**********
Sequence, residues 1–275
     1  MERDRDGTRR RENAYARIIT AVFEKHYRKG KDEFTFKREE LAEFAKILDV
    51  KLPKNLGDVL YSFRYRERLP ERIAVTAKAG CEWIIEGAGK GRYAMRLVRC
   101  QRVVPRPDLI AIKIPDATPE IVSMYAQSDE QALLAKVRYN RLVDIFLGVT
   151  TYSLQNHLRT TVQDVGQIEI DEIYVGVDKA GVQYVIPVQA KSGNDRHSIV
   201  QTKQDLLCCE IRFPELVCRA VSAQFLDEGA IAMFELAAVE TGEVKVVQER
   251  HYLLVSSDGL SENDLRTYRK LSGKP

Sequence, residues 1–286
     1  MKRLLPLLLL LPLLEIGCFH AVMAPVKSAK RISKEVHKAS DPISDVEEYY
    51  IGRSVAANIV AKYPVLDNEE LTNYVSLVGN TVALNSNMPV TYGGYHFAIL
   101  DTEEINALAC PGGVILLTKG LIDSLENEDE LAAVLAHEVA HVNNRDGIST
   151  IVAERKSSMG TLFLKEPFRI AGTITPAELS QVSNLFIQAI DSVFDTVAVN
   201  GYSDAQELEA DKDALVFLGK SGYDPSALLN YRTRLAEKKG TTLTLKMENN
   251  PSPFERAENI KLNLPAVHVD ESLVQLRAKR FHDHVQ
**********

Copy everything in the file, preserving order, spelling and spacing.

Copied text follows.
Sequence, residues 1–275
     1  MERDRDGTRR RENAYARIIT AVFEKHYRKG KDEFTFKREE LAEFAKILDV
    51  KLPKNLGDVL YSFRYRERLP ERIAVTAKAG CEWIIEGAGK GRYAMRLVRC
   101  QRVVPRPDLI AIKIPDATPE IVSMYAQSDE QALLAKVRYN RLVDIFLGVT
   151  TYSLQNHLRT TVQDVGQIEI DEIYVGVDKA GVQYVIPVQA KSGNDRHSIV
   201  QTKQDLLCCE IRFPELVCRA VSAQFLDEGA IAMFELAAVE TGEVKVVQER
   251  HYLLVSSDGL SENDLRTYRK LSGKP

Sequence, residues 1–286
     1  MKRLLPLLLL LPLLEIGCFH AVMAPVKSAK RISKEVHKAS DPISDVEEYY
    51  IGRSVAANIV AKYPVLDNEE LTNYVSLVGN TVALNSNMPV TYGGYHFAIL
   101  DTEEINALAC PGGVILLTKG LIDSLENEDE LAAVLAHEVA HVNNRDGIST
   151  IVAERKSSMG TLFLKEPFRI AGTITPAELS QVSNLFIQAI DSVFDTVAVN
   201  GYSDAQELEA DKDALVFLGK SGYDPSALLN YRTRLAEKKG TTLTLKMENN
   251  PSPFERAENI KLNLPAVHVD ESLVQLRAKR FHDHVQ